Journal Information
ISSN / EISSN : 0024-4201 / 1558-9307
Published by: Wiley-Blackwell (10.1002)
Total articles ≅ 8,718
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Amal A. Aqul, Charina M. Ramirez, Adam M. Lopez, Dennis K. Burns, Joyce J. Repa,
Published: 7 October 2021
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Susana P. Alves, Payam Vahmani, Cletos Mapiye, Tim A. McAllister, ,
Published: 4 October 2021
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Keita Ochiai, Rina Hirooka, Masayoshi Sakaino, Shigeo Takeuchi,
Published: 17 September 2021
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Published: 31 August 2021
Phosphatidylcholine:diacylglycerol cholinephosphotransferases (PDCT) regulate the fatty acid composition of seed oil (triacylglycerol, TAG) by interconversion of diacylglycerols (DAG) and phosphatidylcholine (PtdCho). PtdCho is the substrate for polyunsaturated fatty acid biosynthesis, as well as for a number of unusual fatty acids. By the action of PDCT, these fatty acids can be transferred into the DAG pool to be utilized in TAG biosynthesis by the action of acyl-CoA:DAG and phospholipid:diacylglycerol acyltransferases. Despite its importance in regulating seed oil composition, biochemical characterization of PDCT enzymes has been lacking. We characterized Camelina sativa PDCT in microsomal preparations of a yeast strain expressing Camelina PDCT and lacking the capacity of producing TAG. Camelina PDCT was specific for PtdCho and the sn-1,2 enantiomer of DAG and could not utilize ceramide. The interconversion reaches equilibrium within 15 min of incubation, indicating that only distinct pools of DAG and PtdCho were available for exchange. However, the pool sizes of DAG and PtdCho involved in the exchange were not fixed but increased with the amount of exogenous DAG or PtdCho added. Camelina PDCT showed about the same selectivity for di-oleoyl, di-linoleoyl, and di-linolenoyl species in both PtdCho and DAG substrates, suggesting that no unidirectional transfer of particular unsaturated substrates occurred. Camelina PDCT had a good activity with erucoyl-DAG as a substrate despite low erucic acid levels in PtdCho in plant species accumulating a high amount of this fatty acid in the seed oil.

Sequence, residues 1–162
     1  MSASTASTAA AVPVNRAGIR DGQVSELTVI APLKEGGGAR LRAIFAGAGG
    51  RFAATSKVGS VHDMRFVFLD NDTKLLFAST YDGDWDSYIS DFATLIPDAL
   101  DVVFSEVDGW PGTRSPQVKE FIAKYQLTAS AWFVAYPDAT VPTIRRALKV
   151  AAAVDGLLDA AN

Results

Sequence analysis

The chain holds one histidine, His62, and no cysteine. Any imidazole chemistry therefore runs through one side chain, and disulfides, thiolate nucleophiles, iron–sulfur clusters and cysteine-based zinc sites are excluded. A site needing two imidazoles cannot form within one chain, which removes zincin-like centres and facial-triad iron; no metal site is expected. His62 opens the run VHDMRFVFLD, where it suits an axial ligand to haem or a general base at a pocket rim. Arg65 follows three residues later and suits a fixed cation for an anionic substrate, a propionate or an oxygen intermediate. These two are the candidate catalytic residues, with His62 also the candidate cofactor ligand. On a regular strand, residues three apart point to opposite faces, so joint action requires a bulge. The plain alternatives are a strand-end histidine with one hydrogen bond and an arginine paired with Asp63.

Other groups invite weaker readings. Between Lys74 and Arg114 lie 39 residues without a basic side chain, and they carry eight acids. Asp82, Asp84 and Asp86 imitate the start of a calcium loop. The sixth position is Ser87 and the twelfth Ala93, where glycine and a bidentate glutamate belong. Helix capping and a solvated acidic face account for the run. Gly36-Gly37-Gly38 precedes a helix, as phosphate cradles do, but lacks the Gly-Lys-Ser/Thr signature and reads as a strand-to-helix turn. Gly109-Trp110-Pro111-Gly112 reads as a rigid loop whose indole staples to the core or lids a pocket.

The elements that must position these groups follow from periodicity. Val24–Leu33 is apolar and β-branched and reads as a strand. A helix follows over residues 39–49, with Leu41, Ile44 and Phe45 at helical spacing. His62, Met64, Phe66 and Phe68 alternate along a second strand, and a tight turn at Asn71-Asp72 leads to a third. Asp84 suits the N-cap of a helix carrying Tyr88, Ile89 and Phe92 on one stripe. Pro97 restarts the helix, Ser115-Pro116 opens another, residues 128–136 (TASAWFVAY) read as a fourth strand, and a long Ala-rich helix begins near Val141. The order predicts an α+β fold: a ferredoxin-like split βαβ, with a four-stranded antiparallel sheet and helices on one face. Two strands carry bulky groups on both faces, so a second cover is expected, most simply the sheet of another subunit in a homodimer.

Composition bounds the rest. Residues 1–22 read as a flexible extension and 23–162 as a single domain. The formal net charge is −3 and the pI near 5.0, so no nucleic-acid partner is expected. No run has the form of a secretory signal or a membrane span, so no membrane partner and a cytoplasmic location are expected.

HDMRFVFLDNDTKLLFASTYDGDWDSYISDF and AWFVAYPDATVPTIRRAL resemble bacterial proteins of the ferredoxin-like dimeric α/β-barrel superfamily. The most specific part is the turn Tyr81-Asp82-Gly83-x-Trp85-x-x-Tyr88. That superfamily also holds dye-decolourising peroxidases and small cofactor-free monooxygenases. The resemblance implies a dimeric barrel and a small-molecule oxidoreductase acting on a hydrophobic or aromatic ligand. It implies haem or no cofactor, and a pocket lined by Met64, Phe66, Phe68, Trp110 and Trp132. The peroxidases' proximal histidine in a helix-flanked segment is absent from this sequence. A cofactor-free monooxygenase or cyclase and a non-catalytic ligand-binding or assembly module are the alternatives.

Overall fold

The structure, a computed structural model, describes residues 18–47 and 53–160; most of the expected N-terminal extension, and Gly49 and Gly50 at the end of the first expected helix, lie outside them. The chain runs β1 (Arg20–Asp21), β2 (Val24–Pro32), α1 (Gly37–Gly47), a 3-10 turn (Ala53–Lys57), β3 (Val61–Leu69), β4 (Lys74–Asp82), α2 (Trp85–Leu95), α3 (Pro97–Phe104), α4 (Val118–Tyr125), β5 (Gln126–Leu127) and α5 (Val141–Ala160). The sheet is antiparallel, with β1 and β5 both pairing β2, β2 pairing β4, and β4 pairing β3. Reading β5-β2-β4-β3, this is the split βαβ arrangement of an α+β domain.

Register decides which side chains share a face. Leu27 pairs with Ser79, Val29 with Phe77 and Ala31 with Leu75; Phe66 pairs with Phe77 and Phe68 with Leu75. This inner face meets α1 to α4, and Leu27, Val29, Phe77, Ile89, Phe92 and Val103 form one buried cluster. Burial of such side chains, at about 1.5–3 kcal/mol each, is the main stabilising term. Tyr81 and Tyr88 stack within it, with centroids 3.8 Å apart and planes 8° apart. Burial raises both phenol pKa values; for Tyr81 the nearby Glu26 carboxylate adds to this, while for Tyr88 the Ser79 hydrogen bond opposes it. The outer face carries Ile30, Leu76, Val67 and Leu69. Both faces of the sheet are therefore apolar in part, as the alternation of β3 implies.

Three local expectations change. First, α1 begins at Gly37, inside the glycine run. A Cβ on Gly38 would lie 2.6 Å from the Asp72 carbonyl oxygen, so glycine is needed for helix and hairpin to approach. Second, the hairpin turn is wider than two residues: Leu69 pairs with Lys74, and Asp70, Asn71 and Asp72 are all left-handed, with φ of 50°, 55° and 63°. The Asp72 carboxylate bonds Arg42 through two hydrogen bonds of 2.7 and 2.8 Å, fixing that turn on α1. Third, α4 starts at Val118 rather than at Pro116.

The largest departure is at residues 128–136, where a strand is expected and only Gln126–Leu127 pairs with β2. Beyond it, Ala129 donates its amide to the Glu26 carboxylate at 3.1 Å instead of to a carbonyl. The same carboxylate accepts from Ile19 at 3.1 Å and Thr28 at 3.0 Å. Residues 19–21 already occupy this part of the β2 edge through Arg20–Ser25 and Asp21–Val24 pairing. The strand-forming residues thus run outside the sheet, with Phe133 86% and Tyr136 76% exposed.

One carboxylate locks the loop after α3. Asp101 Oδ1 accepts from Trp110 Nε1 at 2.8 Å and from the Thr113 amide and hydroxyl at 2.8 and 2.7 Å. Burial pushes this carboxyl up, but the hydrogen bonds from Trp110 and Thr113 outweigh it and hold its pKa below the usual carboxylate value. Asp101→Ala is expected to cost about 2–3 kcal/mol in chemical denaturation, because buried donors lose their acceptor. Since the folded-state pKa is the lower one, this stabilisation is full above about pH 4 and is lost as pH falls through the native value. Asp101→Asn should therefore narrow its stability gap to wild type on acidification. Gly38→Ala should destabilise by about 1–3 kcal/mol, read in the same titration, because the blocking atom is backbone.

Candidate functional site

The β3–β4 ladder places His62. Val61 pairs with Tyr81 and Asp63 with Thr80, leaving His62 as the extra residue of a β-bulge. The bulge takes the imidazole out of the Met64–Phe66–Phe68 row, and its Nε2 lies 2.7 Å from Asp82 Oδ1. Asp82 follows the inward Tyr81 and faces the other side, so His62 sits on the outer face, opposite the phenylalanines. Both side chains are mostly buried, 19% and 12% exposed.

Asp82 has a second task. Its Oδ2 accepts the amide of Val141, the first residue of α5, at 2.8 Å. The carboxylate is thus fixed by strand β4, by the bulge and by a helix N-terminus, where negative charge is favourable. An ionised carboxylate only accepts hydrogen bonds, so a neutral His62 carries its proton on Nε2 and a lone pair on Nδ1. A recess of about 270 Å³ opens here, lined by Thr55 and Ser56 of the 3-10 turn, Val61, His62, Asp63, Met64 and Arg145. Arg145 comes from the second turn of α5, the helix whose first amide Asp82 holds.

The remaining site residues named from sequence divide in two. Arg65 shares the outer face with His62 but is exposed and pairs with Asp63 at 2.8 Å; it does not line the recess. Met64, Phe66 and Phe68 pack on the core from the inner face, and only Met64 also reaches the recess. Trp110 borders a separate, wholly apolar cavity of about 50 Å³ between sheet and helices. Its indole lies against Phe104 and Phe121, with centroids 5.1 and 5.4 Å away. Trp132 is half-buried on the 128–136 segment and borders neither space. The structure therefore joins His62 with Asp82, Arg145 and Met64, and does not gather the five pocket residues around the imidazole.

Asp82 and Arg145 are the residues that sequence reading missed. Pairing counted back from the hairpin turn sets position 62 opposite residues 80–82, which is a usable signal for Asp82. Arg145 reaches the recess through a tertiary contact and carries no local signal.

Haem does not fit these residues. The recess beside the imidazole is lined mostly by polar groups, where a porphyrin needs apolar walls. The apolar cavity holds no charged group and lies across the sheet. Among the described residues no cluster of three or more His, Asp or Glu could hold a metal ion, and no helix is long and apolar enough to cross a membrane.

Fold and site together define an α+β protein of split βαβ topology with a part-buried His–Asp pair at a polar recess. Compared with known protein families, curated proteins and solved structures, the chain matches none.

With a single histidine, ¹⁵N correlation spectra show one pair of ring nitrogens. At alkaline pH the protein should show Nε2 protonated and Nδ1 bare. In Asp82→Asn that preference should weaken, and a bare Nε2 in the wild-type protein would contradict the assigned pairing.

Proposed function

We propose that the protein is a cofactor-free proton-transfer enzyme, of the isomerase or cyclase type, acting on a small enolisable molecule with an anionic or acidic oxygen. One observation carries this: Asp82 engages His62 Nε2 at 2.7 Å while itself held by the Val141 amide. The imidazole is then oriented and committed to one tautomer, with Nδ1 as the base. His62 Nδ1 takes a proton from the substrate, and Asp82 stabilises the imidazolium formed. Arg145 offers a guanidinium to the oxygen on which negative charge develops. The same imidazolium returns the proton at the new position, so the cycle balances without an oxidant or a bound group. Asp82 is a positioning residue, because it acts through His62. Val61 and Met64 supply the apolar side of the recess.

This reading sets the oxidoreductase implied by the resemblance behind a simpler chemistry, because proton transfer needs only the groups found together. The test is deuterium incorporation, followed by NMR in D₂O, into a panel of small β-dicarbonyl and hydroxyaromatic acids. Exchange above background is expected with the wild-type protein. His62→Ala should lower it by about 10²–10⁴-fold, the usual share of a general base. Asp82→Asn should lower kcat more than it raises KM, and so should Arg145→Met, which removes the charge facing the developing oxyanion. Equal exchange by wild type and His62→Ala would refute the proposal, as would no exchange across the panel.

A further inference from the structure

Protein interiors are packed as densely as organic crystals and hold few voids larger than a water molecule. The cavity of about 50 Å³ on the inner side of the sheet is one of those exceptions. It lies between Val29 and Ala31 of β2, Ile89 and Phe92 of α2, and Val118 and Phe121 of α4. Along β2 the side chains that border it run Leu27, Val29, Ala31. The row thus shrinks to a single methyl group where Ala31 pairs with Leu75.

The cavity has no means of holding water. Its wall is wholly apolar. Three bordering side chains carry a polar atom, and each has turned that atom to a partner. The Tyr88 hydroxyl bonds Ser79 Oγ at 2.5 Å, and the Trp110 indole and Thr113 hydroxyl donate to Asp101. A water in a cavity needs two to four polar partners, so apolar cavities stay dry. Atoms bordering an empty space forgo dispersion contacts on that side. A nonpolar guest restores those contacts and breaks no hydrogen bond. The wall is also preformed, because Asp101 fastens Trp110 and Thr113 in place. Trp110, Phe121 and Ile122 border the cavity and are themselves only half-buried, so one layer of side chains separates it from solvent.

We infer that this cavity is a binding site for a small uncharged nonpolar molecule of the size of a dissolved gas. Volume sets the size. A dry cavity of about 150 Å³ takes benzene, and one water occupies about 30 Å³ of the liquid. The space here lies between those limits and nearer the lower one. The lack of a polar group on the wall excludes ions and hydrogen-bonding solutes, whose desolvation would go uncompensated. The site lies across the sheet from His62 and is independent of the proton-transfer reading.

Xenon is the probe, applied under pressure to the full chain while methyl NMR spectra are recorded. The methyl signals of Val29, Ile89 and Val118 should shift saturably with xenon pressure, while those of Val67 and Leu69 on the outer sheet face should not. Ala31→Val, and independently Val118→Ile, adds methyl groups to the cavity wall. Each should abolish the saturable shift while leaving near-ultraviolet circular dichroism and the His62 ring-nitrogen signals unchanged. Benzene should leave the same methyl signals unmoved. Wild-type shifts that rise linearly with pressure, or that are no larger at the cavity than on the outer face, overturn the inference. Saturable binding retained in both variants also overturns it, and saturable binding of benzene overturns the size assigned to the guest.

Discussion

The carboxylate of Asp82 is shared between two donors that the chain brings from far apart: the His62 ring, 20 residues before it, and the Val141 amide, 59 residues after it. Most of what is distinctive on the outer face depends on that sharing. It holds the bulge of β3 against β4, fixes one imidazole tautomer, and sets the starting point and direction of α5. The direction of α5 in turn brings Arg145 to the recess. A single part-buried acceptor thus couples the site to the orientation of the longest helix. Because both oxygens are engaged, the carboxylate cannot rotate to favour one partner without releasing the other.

Elisabeth Koch, Carolin Hopmann, Laura‐Fabienne Fröhlich,
Published: 25 August 2021
Fetal bovine serum (FBS) has been used as a universal supplement in cell culture for more than six decades. This includes the investigation of lipid and lipid mediator formation and biology. Little is known about the (polyunsaturated) fatty acid composition and their oxidation products in FBS. Therefore, we analyzed six different FBS purchased from three different companies regarding their fatty acid and oxylipin concentrations. We found pronounced differences in the fatty acid concentrations. Even two batches of “standardized” FBS batches from one company showed drastic differences (e.g., for eicosapentaenoic acid 5 ± 1 μM vs. 11 ± 1 μM). Oxylipin concentrations also markedly differ between the FBS lots. The highest differences were found for 12-lipoxygenase products (e.g., 12-hydroxyeicosatetraenoic acid free 21–87 nM and total 58–108 nM), probably due to inconsistent serum generation procedures. Our results indicate that for cell culture studies dealing with lipid metabolism, researchers should carefully characterize their used FBS to ensure reliability and reproducibility of study outcomes.
Ai Takeyama, Asami Teramoto, Tianyu Wang, Takuya Hayashi, Yasutake Tanaka, Masao Sato,
Published: 19 August 2021
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